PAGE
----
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Global church council calls for immediate ceasefire in Sudan, Episcopal relief agency reaches out to help

Staff and guests gathered in in the chapel of the Ecumenical Center in Geneva to pray for peace in Sudan. Photo/Grégoire de Fombelle/WCC

The Rev. Jerry Pillay, general secretary of the Geneva-based World Council of Churches, said the global organization “is deeply saddened” by the armed unrest in Sudan that has resulted in more than 400 deaths over the last two weeks.

Several nations and the U.N. moved rapidly to evacuate embassy staff and other personnel from the Sudanese capital, Khartoum after the fighting broke out on April 15.

Meanwhile, Episcopal Relief & Development said it is contacting partners in the multiple countries that border Sudan where people are fleeing, to assess their needs.

Pillay’s message noted “the sudden escalation of conflict between the Sudanese Armed Forces (SAF) led by General Abdel Fattah al-Burhan, head of Sudan’s transitional governing Sovereign Council, and the Rapid Support Forces (RSF) led by General Mohamed Hamdan Dagalo.”

He said that the armed violence and instability, which has also resulted in the deaths of three U.N. staff, has resulted in the suspension of World Food Program and other humanitarian operations in Sudan.

“Many people – including staff of the Sudan Council of Churches – have been trapped in the offices or workplaces due to the unforeseen sudden onset of the fighting. Schools, health facilities, markets and other basic services have closed or reduced their operations.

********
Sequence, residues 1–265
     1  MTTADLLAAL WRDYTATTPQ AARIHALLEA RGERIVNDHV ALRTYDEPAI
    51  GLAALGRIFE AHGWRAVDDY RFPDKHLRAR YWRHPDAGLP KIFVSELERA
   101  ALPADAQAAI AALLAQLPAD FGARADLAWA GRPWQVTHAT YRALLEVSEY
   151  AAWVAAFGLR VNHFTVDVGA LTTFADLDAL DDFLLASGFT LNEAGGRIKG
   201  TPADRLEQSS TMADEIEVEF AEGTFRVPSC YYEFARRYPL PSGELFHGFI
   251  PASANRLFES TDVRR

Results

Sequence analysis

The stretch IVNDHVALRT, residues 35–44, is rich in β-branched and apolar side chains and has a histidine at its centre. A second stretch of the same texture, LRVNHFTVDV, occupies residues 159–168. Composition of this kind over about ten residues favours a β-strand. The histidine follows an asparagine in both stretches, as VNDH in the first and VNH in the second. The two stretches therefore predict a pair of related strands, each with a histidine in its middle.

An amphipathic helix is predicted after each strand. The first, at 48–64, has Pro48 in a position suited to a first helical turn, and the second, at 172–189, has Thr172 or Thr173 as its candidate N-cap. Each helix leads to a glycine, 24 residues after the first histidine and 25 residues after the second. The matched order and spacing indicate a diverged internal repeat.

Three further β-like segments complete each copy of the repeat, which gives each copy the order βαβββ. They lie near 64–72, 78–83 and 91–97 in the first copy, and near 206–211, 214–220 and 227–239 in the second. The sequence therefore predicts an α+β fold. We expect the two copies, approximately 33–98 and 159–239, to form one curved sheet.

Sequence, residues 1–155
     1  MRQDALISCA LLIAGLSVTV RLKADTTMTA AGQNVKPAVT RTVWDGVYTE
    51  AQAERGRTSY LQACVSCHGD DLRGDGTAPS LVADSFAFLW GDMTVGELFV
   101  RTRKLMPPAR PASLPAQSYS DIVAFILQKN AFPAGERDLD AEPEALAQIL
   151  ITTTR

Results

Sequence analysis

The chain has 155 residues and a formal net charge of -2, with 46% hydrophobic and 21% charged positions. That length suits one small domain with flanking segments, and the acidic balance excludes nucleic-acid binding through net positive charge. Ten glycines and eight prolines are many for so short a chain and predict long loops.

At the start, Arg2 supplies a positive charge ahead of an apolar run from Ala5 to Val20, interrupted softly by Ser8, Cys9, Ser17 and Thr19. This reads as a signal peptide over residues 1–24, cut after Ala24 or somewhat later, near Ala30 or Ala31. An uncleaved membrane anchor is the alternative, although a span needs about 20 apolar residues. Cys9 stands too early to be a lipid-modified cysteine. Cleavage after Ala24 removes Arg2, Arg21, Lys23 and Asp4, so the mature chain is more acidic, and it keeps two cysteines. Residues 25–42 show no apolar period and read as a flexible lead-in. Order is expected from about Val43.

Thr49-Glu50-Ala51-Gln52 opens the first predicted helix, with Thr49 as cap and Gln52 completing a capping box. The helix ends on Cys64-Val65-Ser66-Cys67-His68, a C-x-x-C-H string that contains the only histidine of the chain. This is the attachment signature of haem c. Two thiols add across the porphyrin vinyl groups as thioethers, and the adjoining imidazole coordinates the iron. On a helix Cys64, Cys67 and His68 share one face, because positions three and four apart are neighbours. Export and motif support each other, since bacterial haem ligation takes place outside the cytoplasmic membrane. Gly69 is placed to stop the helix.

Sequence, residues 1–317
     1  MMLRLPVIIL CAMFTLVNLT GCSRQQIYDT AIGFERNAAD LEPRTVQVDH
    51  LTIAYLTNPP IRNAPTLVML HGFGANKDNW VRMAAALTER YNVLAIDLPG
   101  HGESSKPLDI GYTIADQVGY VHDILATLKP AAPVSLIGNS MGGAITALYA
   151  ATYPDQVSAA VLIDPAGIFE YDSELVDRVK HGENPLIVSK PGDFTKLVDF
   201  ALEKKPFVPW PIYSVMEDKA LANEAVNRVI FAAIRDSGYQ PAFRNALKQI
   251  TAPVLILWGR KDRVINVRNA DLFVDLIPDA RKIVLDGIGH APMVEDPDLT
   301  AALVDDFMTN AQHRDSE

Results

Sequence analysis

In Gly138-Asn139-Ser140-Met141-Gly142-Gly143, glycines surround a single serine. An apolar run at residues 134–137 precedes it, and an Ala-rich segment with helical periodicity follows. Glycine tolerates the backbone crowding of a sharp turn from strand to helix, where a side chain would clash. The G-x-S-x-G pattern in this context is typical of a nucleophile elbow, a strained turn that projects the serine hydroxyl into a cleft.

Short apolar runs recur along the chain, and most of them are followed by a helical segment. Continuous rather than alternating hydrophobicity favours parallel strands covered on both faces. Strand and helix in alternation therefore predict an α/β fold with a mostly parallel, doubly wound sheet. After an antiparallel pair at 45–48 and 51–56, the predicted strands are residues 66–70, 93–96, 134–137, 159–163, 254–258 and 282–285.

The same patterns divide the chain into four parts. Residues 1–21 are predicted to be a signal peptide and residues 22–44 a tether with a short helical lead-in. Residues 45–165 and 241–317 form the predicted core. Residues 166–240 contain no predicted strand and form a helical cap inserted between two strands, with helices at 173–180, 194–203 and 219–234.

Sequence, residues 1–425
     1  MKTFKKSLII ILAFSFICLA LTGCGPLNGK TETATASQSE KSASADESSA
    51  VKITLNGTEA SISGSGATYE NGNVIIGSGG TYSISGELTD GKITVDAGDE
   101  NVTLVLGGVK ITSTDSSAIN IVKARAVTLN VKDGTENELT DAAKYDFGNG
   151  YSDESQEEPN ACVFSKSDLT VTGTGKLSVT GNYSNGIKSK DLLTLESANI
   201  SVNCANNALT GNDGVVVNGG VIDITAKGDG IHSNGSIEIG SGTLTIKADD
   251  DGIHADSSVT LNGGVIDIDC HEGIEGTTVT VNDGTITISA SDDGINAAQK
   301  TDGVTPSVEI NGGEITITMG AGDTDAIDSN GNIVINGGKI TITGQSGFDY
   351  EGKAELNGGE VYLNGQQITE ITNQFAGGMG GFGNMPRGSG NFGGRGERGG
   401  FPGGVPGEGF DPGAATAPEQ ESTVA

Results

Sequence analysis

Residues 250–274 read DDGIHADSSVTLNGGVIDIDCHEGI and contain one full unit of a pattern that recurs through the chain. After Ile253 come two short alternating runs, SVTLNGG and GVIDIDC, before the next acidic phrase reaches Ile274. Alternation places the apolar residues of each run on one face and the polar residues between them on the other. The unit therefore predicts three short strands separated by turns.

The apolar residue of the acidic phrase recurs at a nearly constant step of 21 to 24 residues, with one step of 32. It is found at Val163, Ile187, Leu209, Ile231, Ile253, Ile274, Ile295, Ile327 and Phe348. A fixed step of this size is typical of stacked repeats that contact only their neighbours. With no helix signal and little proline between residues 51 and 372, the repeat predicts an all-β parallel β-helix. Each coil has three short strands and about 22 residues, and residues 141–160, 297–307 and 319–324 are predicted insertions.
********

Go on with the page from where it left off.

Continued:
“The WCC is gravely concerned about the wider impacts on the Sudanese population, which was already experiencing significant humanitarian needs, political and economic challenges, a high rate of inflation, widespread poverty, and severe impacts of climate change.

“WCC appeals for an immediate ceasefire and end to armed hostilities, for the sake of the suffering Sudanese people. We call on all Sudanese leaders to remember their responsibilities to the people, and to work to address the political, economic, social and environmental challenges affecting the country,” he said, adding that the country’s de facto military authorities should hand back power and return Sudan to “the democratic path.”

In South Sudan, which gained its independence from Sudan in 2011, Episcopal Relief & Development partners with the South Sudanese Development and Relief Agency (SSUDRA), the relief and development arm of the Episcopal Church of South Sudan, to address ongoing issues in South Sudan and to strengthen SSUDRA’s operations.

Disaster management teams trained by Episcopal Relief & Development have led emergency response efforts during crises, helping to meet the needs of people displaced by the ongoing and chronic tribal civil conflict within South Sudan.

Besides South Sudan, the countries bordering Sudan are Egypt, Libya, Chad, the Central African Republic, Ethiopia and Eritrea.

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